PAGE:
LMPD Mounted Patrol a crucial part of Kentucky Derby security

"We on the mounted patrol look forward to this time of the year every year, because we're showcasing what our city has."
Published: May. 4, 2022 at 3:17 PM EDT
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LOUISVILLE, Ky. (WAVE) - Kentucky Derby 148 will be an event fit for a crowd, and the Louisville Metro Police Department’s Mounted Patrol Unit is a group fit for Derby.

While the spectators set their sights on the racehorses, a different team of horses will set their sights on the spectators.

“We on the mounted patrol look forward to this time of the year every year, because we’re showcasing what our city has,” LMPD Officer Justin Hardy said.

Hardy is the man responsible for leading the charge. The officers, both four-legged and two-legged, are constantly training, partly at a private farm in Oldham County.

“We actually prepare for the first Saturday in May 365 days a year,” Hardy said.

With 12 years on the team, Hardy is the most experienced mounted officer, despite not being the unit’s commander. He’s in charge of guaranteeing that everyone is on the same page and that every horse is up to the task at hand. He teaches them how to gallop together, form proper formations, and handle large-scale events such as the Kentucky Derby, which attracts hundreds of thousands of spectators.

“(Horses) are a naturally preyed-upon animal in the wild,” Hardy said. “So when you take a horse and you put it in an element such as traffic, a lot of people, large-scaled events, we have to tailor them to be able to handle that. So even though it’s Derby, they’ll just think it’s another day at the office.”

Despite the pressures to perform, riding in the Mounted Unit is not like regular police work. It’s naturally social, allowing human officers to form genuine connections with the people they serve.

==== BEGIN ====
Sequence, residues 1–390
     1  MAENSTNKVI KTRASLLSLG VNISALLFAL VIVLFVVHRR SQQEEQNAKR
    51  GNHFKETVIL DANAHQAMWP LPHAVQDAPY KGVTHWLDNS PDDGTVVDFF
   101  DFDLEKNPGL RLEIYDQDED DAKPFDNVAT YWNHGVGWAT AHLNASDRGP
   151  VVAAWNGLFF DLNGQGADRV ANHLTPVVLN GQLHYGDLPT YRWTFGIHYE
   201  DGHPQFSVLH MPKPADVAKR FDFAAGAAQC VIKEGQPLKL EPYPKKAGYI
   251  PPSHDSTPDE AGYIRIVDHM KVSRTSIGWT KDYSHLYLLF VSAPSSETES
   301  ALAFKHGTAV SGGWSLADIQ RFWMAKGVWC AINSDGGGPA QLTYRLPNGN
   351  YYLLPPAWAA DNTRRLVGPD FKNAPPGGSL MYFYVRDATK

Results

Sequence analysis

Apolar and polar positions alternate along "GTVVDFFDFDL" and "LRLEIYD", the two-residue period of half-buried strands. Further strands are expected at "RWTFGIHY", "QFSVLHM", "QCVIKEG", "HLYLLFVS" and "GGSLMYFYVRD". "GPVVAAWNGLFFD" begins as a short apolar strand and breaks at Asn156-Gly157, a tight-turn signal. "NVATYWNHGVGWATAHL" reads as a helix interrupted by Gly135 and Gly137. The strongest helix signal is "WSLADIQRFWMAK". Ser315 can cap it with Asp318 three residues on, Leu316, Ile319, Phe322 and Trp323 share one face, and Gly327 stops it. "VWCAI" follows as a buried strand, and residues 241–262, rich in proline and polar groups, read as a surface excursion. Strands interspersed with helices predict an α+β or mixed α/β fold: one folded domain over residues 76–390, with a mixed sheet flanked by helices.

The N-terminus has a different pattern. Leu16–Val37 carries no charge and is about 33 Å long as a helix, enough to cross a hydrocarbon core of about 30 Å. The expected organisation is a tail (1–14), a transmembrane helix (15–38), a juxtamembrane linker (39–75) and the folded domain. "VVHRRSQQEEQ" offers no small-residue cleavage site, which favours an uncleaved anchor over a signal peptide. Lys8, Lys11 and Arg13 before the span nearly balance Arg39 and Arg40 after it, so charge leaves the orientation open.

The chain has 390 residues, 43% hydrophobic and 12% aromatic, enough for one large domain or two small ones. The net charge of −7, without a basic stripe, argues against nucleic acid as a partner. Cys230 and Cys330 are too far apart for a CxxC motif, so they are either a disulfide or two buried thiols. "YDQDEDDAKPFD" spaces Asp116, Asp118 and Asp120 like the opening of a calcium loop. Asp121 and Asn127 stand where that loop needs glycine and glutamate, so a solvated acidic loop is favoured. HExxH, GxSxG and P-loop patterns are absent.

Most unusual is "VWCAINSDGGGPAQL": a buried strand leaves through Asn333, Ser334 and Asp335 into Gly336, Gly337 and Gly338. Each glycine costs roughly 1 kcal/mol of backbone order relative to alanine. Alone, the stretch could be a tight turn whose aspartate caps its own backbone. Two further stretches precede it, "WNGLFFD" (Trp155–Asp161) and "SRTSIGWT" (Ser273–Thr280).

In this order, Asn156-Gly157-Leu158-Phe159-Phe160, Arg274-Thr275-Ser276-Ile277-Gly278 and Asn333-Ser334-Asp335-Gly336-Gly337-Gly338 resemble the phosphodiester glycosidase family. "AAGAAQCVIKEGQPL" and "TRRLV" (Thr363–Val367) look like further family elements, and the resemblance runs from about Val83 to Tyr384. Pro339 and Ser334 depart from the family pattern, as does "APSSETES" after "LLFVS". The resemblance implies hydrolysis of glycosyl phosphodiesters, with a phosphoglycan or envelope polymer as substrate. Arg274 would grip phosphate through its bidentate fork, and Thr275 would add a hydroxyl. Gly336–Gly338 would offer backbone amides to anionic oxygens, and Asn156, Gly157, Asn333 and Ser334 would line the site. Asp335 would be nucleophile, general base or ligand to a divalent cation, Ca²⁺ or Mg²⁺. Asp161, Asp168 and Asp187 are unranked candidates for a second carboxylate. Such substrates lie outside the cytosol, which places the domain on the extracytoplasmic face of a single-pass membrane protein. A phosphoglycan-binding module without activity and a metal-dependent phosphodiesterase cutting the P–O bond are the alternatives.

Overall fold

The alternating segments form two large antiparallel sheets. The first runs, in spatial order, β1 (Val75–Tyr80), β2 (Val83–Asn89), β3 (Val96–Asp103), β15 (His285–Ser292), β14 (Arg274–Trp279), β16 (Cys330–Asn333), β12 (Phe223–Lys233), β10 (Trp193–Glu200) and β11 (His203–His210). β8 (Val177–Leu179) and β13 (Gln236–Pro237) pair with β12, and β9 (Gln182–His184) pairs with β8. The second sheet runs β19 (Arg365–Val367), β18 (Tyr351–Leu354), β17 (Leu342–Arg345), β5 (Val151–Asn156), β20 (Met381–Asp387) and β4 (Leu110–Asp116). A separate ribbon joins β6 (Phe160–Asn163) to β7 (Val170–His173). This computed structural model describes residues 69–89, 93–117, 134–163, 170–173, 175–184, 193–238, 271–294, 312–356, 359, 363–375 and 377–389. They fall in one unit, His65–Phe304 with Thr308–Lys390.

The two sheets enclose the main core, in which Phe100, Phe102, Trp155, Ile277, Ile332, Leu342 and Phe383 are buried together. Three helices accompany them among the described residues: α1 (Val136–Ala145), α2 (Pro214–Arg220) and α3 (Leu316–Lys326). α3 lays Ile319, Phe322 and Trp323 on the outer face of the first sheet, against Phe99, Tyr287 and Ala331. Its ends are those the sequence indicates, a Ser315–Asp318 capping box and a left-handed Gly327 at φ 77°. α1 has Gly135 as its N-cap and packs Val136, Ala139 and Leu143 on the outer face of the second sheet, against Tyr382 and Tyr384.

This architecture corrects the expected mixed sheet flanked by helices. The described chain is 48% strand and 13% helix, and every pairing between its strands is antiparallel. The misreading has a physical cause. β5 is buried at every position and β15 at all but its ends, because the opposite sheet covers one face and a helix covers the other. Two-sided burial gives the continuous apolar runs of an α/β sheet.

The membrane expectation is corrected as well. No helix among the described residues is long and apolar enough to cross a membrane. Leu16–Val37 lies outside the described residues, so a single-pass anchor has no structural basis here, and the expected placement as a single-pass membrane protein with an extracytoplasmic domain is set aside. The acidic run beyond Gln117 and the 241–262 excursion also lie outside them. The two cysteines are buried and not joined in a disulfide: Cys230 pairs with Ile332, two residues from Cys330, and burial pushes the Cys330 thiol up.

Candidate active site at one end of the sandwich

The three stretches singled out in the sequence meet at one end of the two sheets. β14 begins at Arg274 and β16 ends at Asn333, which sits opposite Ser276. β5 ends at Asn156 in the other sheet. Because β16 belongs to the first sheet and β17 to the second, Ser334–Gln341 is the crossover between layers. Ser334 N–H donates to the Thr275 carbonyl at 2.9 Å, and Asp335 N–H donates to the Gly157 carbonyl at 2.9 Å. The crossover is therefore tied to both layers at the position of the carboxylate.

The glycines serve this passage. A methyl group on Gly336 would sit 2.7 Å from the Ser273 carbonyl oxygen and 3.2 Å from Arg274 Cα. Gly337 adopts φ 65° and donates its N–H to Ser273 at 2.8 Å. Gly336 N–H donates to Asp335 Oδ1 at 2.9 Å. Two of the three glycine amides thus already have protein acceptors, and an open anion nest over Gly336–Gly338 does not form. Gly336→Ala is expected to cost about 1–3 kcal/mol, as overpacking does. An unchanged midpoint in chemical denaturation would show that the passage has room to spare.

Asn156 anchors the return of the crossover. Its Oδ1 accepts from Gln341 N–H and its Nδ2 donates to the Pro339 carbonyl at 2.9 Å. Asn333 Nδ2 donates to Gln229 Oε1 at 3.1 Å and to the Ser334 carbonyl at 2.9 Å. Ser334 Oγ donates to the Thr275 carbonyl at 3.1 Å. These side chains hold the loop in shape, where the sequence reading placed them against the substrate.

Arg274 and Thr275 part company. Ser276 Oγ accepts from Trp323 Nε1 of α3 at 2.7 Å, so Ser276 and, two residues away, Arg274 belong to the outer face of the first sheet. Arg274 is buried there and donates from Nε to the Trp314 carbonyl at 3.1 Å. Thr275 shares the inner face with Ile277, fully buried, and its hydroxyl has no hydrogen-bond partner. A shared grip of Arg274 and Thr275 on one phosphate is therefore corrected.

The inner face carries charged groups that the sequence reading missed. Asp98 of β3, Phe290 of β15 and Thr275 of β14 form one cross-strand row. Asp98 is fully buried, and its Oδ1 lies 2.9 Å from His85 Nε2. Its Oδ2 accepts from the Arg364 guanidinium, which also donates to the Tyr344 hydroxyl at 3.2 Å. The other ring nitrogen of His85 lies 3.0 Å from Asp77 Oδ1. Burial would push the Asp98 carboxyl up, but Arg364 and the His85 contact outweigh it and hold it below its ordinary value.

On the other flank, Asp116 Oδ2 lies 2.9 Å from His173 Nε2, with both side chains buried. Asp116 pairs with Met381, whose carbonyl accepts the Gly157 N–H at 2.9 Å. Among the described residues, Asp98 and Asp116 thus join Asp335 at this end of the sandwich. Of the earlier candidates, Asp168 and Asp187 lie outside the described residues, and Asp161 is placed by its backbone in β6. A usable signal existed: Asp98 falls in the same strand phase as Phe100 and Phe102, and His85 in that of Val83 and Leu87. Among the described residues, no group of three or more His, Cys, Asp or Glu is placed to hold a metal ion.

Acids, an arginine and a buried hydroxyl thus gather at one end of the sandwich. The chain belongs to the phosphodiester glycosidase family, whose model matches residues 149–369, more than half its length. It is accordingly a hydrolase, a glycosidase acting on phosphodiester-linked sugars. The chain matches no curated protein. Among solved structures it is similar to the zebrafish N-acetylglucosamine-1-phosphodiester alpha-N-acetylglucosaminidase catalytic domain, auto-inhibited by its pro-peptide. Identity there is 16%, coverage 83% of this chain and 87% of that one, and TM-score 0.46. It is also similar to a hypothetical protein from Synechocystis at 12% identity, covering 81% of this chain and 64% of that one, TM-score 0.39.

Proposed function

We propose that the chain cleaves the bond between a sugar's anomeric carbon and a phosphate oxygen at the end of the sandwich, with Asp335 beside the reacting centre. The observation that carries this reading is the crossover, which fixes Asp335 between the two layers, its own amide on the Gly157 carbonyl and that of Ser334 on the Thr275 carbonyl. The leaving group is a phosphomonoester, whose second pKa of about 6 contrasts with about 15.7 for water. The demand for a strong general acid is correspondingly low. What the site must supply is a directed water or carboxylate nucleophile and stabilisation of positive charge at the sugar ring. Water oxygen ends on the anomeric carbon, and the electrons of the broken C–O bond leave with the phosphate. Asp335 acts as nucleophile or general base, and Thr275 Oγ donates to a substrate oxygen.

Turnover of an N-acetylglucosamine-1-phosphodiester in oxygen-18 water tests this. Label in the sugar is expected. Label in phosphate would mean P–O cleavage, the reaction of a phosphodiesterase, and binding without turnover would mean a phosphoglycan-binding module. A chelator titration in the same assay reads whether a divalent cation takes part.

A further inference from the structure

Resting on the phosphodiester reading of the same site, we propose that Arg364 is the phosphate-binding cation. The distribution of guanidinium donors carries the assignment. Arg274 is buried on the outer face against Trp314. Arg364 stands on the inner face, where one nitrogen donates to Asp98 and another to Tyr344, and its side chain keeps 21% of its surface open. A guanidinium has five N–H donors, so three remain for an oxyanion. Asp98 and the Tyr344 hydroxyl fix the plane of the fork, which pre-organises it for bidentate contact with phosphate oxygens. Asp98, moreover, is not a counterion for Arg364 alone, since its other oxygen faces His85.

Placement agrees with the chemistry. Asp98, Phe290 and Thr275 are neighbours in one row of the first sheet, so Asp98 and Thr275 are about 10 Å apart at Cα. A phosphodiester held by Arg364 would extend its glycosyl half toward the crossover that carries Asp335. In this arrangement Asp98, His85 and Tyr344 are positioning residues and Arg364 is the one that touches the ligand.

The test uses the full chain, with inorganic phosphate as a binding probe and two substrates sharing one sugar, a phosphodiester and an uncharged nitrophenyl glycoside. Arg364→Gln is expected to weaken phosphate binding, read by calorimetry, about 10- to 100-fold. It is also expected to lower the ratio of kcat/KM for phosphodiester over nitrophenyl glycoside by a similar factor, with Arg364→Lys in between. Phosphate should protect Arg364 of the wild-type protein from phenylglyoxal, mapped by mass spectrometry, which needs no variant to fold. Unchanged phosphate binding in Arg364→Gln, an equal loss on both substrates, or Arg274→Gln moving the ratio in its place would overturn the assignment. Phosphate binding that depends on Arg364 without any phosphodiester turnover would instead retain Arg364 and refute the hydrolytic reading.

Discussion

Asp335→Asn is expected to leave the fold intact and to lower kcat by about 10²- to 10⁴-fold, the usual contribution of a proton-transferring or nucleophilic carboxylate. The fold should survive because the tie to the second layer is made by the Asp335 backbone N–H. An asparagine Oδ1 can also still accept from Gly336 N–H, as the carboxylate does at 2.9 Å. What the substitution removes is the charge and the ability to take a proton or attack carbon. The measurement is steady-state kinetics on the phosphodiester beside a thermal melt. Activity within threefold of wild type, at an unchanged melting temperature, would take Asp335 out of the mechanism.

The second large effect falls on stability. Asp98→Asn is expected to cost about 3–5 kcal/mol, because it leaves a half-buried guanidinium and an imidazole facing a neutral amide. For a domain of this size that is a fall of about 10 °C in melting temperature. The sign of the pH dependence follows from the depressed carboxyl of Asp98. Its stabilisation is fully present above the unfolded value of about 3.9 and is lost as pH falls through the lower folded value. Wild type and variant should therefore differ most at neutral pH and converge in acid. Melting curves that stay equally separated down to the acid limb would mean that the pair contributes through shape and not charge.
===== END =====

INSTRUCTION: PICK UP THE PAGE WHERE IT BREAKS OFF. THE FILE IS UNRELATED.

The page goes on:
Sgt. Brandon Savage, the unit’s commander, said it’s been a life-changing adjustment. After nearly 16 years on patrol, Savage was promoted to the job less than a year ago.

“To put smiles on people’s faces, to see people come up and pet a horse for the first time, to break down those barriers between citizens and the police department,” Savage said. “After 16 years of seeing the total opposite of that it’s been real refreshing for me. It’s just fun to come to work every day.”

This portion of the department gets a bird’s-eye perspective of police activity and plays a critical role for the department during some of Louisville’s most spectacular events.

“To have seen Mounted Patrol in years past and wish that I was the one riding the horse in the (Pegasus) Parade or at Oaks or at Derby, and just feel what everybody else has gotten to feel over the years that go out to those events and experience what Derby is in Kentucky,” Savage said.

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